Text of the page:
Pacific Gas & Electric Co. continues to operate unsafe gas transmission pipelines in California and is playing “Russian roulette with the lives of Californians,” said civic leaders in San Bruno, where PG&E’s gross negligence led to the death of eight residents, significant injuries and the destruction of a residential neighborhood.
San Bruno Mayor Jim Ruane and the City of San Bruno made the announcement to coincide with a scheduled announcement by Pacific Gas & Electric Company President Christopher Johns today where PG&E will publicize that it allegedly received “two international certifications for best in class operational standards for its gas operations.”
“PG&E must stop deceiving itself, the public, the press and the communities and cities it operates in,” Ruane said. “The gross negligence that led to the tragic and unnecessary death and destruction in San Bruno is as big a threat today as it was Sept. 9, 2010” when PG&E’s line 132 exploded, creating a shock wave with the magnitude of a 1.1 earthquake and walls of flames that reached 1,000 feet in the air.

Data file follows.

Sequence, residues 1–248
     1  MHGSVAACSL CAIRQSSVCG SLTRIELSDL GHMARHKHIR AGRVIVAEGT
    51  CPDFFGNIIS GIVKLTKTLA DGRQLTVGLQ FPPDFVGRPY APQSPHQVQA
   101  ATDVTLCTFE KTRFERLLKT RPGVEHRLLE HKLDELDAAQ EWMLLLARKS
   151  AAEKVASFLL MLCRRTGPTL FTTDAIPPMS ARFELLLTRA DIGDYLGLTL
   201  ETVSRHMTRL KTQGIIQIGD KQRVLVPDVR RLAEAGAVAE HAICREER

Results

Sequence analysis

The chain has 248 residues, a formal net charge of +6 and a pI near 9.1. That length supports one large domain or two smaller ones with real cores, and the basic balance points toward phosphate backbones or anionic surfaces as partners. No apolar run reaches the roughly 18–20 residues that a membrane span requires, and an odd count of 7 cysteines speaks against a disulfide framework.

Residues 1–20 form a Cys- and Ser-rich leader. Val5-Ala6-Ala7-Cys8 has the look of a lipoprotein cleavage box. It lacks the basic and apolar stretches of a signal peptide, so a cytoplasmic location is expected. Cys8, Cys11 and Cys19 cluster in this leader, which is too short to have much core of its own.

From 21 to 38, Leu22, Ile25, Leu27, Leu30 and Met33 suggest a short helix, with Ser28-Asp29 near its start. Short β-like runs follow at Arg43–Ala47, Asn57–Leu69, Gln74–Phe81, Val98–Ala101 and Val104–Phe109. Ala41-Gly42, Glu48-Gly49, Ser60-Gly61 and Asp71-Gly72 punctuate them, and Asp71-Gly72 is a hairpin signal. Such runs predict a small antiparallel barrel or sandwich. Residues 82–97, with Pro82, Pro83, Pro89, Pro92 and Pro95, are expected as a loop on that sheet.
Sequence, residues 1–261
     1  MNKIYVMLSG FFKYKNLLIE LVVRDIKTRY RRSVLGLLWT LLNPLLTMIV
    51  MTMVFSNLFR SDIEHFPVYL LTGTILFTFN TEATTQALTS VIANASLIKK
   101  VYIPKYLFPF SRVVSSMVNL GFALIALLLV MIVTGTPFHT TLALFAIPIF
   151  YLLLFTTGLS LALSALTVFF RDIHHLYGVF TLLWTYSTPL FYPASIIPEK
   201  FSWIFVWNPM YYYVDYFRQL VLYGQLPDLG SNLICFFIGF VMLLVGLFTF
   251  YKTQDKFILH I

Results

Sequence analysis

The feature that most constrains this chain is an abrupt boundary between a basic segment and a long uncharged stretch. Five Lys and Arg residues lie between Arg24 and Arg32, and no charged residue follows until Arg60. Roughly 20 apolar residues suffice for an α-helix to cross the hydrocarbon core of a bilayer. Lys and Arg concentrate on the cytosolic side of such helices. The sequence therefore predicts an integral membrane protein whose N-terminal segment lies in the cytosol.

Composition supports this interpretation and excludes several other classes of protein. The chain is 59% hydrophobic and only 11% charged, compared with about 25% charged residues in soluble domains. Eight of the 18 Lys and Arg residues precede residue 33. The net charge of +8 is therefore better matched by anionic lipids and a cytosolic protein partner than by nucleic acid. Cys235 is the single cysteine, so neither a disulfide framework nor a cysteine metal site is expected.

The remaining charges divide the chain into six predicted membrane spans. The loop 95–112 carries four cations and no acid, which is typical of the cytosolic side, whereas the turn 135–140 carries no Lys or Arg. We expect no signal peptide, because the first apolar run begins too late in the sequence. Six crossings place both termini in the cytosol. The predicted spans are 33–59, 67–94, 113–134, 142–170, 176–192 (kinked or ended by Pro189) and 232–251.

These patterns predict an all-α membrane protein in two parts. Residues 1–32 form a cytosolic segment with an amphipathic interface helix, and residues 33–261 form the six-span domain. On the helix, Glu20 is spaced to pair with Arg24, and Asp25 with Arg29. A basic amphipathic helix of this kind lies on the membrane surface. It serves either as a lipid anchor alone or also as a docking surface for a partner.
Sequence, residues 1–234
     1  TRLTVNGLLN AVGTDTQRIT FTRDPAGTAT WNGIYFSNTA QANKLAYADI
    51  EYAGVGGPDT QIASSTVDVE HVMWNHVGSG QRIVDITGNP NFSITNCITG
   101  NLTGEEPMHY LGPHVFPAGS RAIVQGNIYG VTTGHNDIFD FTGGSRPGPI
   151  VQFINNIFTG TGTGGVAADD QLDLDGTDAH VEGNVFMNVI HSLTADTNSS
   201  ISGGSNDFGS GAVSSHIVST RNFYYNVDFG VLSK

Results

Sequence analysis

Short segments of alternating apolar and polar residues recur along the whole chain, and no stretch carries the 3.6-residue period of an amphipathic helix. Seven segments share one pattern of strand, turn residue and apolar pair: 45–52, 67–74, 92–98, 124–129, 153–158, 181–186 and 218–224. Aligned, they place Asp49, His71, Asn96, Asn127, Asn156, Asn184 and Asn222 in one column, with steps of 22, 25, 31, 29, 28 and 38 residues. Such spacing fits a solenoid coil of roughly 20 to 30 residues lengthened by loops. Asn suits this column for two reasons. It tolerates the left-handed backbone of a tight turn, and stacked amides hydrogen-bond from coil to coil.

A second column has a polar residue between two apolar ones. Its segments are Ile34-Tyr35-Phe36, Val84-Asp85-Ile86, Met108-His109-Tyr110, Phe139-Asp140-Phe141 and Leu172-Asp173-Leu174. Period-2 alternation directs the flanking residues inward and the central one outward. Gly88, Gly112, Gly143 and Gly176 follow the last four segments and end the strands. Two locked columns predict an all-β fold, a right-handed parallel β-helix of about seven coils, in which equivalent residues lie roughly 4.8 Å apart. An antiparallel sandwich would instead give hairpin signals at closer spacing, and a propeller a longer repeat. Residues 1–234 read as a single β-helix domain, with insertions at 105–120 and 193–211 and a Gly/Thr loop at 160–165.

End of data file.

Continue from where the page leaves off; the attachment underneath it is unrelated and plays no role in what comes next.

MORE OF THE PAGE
Ruane pointed to newly released audits last month by the California Public Utilities Commission, which showed that more than 50 percent of the quality assurance and quality control records by PG&E were wrong.
The State report showed among the 20 sets of PG&E pipeline records that auditors picked at random, documentation on 11 of them was either missing, erroneous or rife with inconsistencies.
PG&E is currently facing federal criminal charges and as much as $2.5 billion in CPUC regulatory fines and penalties stemming from the San Bruno explosion and fire.
Ruane reiterated San Bruno’s call for:
1. An independent monitor to assess and provide honest evaluation in overseeing the CPUC and PG&E’s alleged pipeline safety improvements to ensure progress is actually being made, public safety is being improved, and PG&E funds earmarked for pipeline safety are not again being diverted to executive compensation.
2. Fully automated Gas Shut-Off Safety Valves to ensure the public’s safety in the event of future PG&E catastrophes
3. The strongest fine possible by the CPUC of $2.5 billion against PG&E for its gross negligence in San Bruno to ensure the utility takes gas transmission safety seriously.